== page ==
Friday, February 25, 2011

Cowboys in Space

Why didn't I watch Firefly when it aired? I loved Buffy the Vampire Slayer and Angel, and I was confident that anything Joss Whedon did would be interesting and entertaining. And I'm a huge fan of serial television in general. What happened?

Well, life happened. I had no DVR at that time, and I was working a second job on Friday nights from 7 PM to 7 AM. But I think what really interfered was that I was involved in a new love affair at the time. We all know how that ended.

I wasn't the only television fan who wasn't watching. Low ratings led to the show being canceled. Why did Fox air the show on Friday nights? Why did they insist a new pilot be created? Why did they air the episodes out of order? It seemed at the time that Fox was doing everything it could to cancel the very show they were airing.

I finally got a chance to watch all the episodes of Firefly this past January, as Ovation aired them, in order, starting with the real pilot, and even airing the three episodes Fox never did. If I ever had a column called "Gone Too Soon," this show would top the list.

I called this series "Cowboys in Space," and the show certainly felt like it took place in the wild west, only with spaceships. The crew used guns, and frontier law ruled the worlds the ship, Serenity, visited. The worlds were dusty, filled with sometimes desperate people trying to survive. Even the language that the crew used made me think of Westerns.

As I watched, I couldn't help thinking of the original Star Trek, which, as you may recall, was touted at the time as a Wagon Train in space. The show had some similarities: a charismatic captain, a spaceship, and a doctor. But really, to me, they didn't have a whole lot in common. Captain Kirk was a member of the Federation, a governmental entity that commissioned the Enterprise to space exploration. Mal Reynolds, on the other hand, was a refugee from a losing civil war to the Alliance, a centralized federal government. The Enterprise was a slickly clean, efficiently run operation, while Serenity forever seemed in need of a good housekeeper and was kept together by glue. Kirk's crew was intensely loyal, while Reynolds' crew felt free to question every decision and poke fun at him. Worse, he never knew when one of his henchmen, Jayne Cobb, might betray him.

Each show was truly a show of it's time. The Sixties were a time of optimism, and a belief that man can solve any social ill. Think of the War on Poverty and the belief that governmental programs could actually cure poverty. Such was Roddenberry's Federation, which had somehow succeeded in ending poverty (but not the common cold, oddly enough) and created a just world. By the early 2000s, however, we'd become suspicious of government, believing it to be a malicious force in society. The Alliance, indeed, mistrusted by Serenity's crew, fought against by several members, was to be avoided when possible, exploited if necessary. Its motives were always suspect.

But let's face it. What appeals to me most about Firefly is, of course, the characters. Each character was relatively well developed (the series ended far too soon to flesh out some of the characters, sadly) and the relationships that developed among the crew and passengers was realistic. Mal and his second-in-command Zoe. Zoe and her husband, Wash, the pilot, who respected but also resented Mal. Jayne Cobb who sold his services to the highest bidder, and whose relationship to his guns was stronger than any relationship to a person. Kaylee, the naive engineer with no formal training, protected and loved by all. Then the passengers. Inara was a Companion (think high-class prostitute) who rented a shuttle from Serenity. Sparks flew between her and Mal, but his insistence on calling her a whore perhaps interfered with an easy relationship. Book, the Shepherd, who knew far more about criminal enterprises then you'd think a good pastor would know. Lastly, the brother and sister Tam: Simon, the doctor, who rescued from the Alliance, his sister River, the psychic, who'd been in training to be an assassin.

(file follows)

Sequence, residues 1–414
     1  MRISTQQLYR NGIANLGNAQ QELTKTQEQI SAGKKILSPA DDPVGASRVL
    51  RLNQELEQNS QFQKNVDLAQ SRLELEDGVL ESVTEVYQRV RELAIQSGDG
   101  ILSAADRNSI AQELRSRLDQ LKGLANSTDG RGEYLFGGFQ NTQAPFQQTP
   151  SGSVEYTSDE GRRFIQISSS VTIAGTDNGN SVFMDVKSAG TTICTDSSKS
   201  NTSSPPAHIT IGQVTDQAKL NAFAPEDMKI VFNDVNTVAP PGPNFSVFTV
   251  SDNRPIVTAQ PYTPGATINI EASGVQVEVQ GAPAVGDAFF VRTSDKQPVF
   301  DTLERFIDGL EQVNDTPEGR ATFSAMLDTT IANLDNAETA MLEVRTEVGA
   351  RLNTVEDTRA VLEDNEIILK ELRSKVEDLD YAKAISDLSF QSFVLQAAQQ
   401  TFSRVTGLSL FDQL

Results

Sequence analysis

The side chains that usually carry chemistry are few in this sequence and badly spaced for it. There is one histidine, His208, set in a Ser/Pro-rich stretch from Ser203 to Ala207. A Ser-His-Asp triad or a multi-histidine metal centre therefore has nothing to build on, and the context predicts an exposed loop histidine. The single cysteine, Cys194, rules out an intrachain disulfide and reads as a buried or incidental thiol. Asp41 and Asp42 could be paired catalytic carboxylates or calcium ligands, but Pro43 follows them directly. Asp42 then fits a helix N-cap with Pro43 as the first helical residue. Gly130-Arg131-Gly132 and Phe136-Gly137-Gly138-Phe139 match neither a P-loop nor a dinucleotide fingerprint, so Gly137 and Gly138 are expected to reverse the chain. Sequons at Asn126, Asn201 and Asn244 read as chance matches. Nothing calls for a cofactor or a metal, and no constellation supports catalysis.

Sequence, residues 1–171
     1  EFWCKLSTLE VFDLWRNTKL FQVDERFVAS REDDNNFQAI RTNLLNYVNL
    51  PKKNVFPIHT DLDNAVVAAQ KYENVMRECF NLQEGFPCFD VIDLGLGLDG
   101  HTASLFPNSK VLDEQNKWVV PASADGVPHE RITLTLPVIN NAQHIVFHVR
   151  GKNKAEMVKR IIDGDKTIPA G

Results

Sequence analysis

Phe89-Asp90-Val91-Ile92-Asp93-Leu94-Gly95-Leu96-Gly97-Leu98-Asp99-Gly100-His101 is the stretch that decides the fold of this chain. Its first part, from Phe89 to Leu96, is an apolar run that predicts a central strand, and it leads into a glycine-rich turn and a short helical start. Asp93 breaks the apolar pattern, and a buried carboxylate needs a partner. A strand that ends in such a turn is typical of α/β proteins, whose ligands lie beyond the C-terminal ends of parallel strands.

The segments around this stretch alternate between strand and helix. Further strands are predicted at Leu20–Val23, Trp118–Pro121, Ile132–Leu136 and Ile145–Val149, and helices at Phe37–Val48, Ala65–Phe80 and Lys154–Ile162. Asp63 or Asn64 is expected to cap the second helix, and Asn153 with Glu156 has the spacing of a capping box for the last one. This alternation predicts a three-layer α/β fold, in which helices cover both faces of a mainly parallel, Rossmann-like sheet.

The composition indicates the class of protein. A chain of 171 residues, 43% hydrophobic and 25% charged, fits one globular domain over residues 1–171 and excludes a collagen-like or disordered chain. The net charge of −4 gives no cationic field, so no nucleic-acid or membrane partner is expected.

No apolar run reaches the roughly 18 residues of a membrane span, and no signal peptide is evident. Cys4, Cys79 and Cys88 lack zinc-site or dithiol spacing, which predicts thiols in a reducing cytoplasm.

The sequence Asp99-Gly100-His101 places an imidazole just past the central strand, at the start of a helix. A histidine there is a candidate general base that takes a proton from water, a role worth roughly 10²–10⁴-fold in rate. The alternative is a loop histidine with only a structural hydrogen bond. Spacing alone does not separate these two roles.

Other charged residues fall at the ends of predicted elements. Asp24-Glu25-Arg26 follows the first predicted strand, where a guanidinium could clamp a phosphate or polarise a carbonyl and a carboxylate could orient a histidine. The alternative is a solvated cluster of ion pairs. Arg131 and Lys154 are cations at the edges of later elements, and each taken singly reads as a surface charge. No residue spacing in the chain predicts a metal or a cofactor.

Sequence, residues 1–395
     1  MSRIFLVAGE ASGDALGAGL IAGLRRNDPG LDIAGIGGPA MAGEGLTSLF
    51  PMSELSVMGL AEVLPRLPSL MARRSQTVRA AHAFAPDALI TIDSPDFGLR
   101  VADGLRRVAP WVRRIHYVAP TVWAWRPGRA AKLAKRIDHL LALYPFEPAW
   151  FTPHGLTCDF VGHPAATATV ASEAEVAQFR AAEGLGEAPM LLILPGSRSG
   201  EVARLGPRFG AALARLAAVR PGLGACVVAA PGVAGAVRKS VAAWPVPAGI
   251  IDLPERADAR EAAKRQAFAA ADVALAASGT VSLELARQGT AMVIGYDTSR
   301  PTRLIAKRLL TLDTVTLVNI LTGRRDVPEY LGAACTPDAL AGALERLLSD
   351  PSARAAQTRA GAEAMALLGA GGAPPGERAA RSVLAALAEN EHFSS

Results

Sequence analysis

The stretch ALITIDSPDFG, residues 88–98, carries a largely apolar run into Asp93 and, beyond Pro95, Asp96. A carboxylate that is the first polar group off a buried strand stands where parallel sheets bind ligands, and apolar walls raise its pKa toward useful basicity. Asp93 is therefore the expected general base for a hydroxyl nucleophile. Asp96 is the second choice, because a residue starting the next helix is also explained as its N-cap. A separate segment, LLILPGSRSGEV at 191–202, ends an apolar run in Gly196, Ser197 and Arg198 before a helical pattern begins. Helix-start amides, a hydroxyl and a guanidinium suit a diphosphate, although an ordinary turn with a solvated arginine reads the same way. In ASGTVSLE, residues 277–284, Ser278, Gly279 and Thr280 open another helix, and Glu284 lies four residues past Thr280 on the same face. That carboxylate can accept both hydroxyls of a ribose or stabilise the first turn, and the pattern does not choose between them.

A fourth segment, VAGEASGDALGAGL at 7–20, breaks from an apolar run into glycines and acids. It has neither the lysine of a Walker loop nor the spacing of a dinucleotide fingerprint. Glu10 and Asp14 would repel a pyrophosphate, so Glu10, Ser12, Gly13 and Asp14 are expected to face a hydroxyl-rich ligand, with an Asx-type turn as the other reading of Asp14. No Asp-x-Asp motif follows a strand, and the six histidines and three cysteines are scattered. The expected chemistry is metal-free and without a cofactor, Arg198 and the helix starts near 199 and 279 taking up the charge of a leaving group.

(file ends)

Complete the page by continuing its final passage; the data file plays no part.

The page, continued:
Only fifteen hours of show was produced (a two-hour pilot and thirteen episodes), but Whedon was given the opportunity to produce a movie, where he was able to flesh out some of the storyline more. I saw the movie, Serenity, long before I saw all the episodes. I'll need to see it again.

Sadly, we'll never know what this show could have been. But I'll definitely add it to my list of "Favorites". If you're into science fiction, compelling characters, and great stories, I highly recommend you give this show a shot. Surely Ovation will air it again?

One thing that Firefly did was put several actors on the map. Who had heard of Nathan Fillion before Firefly?

Buffyverse fan alert. Joss Whedon was loyal to his actors. Nathan Fillion appeared on Buffy as the homicidal cleric Caleb (I almost never forgave Fillion for gouging out Xander's eye). Gina Torres was the goddess Jasmine who tried to impose peace on Earth on Angel. Adam Baldwin guested as Marcus Hamilton, a guardian of the Senior Partners, also on Angel. Summer Glau made her professional acting debut as a prima ballerina cursed to dance the same ballet for two centuries on Angel.

Dollhouse fan alert: Alan Tudyk played the criminally insane doll, Alpha. Summer Glau played scientist Bennet Halverson.

Chuck fan alert: Adam Baldwin plays a character similar to Jayne Cobb in Chuck. His John Casey is often the best part of Chuck.

V fan alert: Morena Baccarin, Inara on Firefly, plays Anna.

And of course: Barney Miller fan alert: Ron Glass played Book the Shepherd. But I'll always remember and love him best for playing Detective Ron Harris, author of Blood on the Badge.

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